Housing 10 is preferably constructed of a conventional plastic material and may include a bulbous portion to provide sufficient space for the circuitry to operate the video camera 18. If desired, a pair of retractable wings 28 may be provided. Wings 28 are constructed of an opaque plastic, preferably of the same material as the housing 10. Wings 28 slide into and out of housing 10 as desired to block out unwanted light that would cause a glare on the beamsplitter 14.
It will be appreciated that the present video teleconferencing apparatus may be mounted to any of the sides of the video monitor 2 provided that the beamsplitter 14 is rotated accordingly so that the image from side A of the beamsplitter 14 is reflected into the camera 18, and provided that means is provided for moving the beamsplitter 14 in front of display 12. The relationship between the beamsplitter 14 and the camera 18 is preferably fixed so that the optical paths do not require adjustment by the user, although a suitable adjustment mechanism may be provided for initial installation of the device.
Camera 18 is preferably a conventional color CCD camera, such as the camera and electronics used in the Sharp™ YH-7B50. Such cameras typically have dimensions of about 3 inches or less in each dimension including the lens. Of course, any appropriate video camera may be used for the present application, provided that the camera is lightweight and small. Electrical connections to the video camera may be provided by any conventionally known means.
A swing arm 22 connects beamsplitter 14 to housing 10 by means of a pivot 24 and truck 26. Position "E" as shown in FIG. 10 shows the beamsplitter and swing arm retracted into the housing. A torsion spring or pneumatic damper (not shown) is attached to swing arm 22 in order that, when housing 10 is moved to the operating position, the beamsplitter will move down in front of screen display 12 in a controlled manner, as shown in Position "F". With the beamsplitter in upper position E, the housing assembly 10 along with beamsplitter 14, swing arm 22, and camera 18 may be slid toward the back of the monitor along track 6 to a fully retracted position. Position "G" shows the position of the swing arm in the fully retracted position. FIGS. 4-6 show optical assembly 4 in its retracted position.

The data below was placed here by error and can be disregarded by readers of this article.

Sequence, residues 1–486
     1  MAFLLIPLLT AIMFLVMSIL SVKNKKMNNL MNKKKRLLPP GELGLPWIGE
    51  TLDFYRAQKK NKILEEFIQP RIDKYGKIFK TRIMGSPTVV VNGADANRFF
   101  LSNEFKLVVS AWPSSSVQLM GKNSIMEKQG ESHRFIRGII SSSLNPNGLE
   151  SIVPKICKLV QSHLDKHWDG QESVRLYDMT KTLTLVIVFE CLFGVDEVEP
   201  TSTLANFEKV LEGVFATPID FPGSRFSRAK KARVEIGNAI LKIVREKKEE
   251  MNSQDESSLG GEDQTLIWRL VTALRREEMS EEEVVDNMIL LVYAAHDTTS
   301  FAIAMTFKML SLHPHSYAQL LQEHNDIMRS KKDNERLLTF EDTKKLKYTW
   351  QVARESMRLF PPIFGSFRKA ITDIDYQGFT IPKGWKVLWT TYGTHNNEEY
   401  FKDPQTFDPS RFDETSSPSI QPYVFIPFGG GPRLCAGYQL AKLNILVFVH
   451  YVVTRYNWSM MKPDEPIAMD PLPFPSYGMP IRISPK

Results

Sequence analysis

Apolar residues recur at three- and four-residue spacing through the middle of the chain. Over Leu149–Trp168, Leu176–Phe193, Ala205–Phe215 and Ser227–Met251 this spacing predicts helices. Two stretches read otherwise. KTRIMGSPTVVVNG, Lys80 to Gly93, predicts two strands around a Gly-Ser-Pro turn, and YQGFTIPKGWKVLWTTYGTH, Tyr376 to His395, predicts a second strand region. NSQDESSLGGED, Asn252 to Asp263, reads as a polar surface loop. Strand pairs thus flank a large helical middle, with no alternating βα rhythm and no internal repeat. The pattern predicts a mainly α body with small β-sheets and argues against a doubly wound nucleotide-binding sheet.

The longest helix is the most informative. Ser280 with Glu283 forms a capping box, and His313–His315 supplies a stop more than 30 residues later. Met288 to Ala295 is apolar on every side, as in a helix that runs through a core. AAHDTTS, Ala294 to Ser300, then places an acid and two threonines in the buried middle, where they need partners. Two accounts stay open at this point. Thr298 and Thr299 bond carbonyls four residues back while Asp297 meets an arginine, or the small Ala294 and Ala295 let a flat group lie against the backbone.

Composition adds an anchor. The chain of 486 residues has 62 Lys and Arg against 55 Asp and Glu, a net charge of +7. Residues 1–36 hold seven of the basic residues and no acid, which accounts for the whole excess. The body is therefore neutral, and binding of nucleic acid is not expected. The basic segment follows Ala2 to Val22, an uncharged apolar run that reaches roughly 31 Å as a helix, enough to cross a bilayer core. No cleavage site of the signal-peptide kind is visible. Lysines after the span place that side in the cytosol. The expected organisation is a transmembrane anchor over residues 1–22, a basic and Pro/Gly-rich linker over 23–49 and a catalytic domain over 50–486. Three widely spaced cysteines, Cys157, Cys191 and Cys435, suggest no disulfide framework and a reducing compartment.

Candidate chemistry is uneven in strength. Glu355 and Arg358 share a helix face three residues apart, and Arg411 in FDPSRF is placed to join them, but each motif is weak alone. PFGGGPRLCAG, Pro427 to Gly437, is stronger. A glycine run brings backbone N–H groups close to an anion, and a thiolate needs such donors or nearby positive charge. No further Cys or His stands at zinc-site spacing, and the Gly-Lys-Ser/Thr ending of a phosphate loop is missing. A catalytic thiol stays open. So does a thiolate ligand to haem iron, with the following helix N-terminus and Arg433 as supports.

Track 6 is preferably constructed of aluminum, or of any appropriate material. Swing arm 22 and housing 10 are preferably attached to truck 26 that rides within the track. Alternatively, any appropriate track configuration may be used.
Track 6 is attached to the monitor by means of a compression vice constructed of end brackets 8. At least one of the end brackets 8 is preferably adjustable by a screw actuation mechanism that enables the bracket to move relative to the track. In this manner, the optical assembly 4 may be attached to monitors of different depths. In the alternative, any appropriate mechanism for attaching the track 6 to the video monitor may be utilized.
While the present invention has been described with respect to the optical systems necessary to provide a video teleconferencing system with direct eye contact, appropriate conventional audio pickups and speakers will necessarily be included in such a system. Many possible audio pickup/speaker configurations exist which will be appreciated by those skilled in the art.
More broadly, although the present invention has been described in detail with respect to certain embodiments and examples, variations and modifications exist which are within the scope of the invention as defined in the following claims.
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|U.S. Classification||348/14.1, D16/229, D16/208, 348/373, 348/E07.08, 348/14.16, D14/125, D16/211|
|Oct 3, 1995||AS||Assignment|
Owner name: VIRTUAL SHOPPING, INC., ARIZONA
Free format text: ASSIGNMENT OF ASSIGNORS INTEREST;ASSIGNOR:COPELAND, DAVID J.;REEL/FRAME:007701/0740
Effective date: 19951002
|Mar 13, 1996||AS||Assignment|
Owner name: TALLARD B.V., NETHERLANDS
Free format text: SECURITY INTEREST;ASSIGNOR:VIRTUAL SHOPPING, INC.;REEL/FRAME:007832/0762
Effective date: 19960116
|Nov 24, 1997||AS||Assignment|
Owner name: TALLARD B.V., NETHERLANDS
Free format text: CORRECTIVE ASSIGNMENT PREVIOUSLY RECORDED AT REEL 7832 FRAME 0762;ASSIGNOR:VIRTUAL SHOPPING, INC.;REEL/FRAME:008811/0134
Effective date: 19960116
|Mar 8, 2001||FPAY||Fee payment|
Year of fee payment: 4
|Mar 30, 2005||REMI||Maintenance fee reminder mailed|
|Sep 9, 2005||LAPS||Lapse for failure to pay maintenance fees|
|Nov 8, 2005||FP||Expired due to failure to pay maintenance fee|
Effective date: 20050909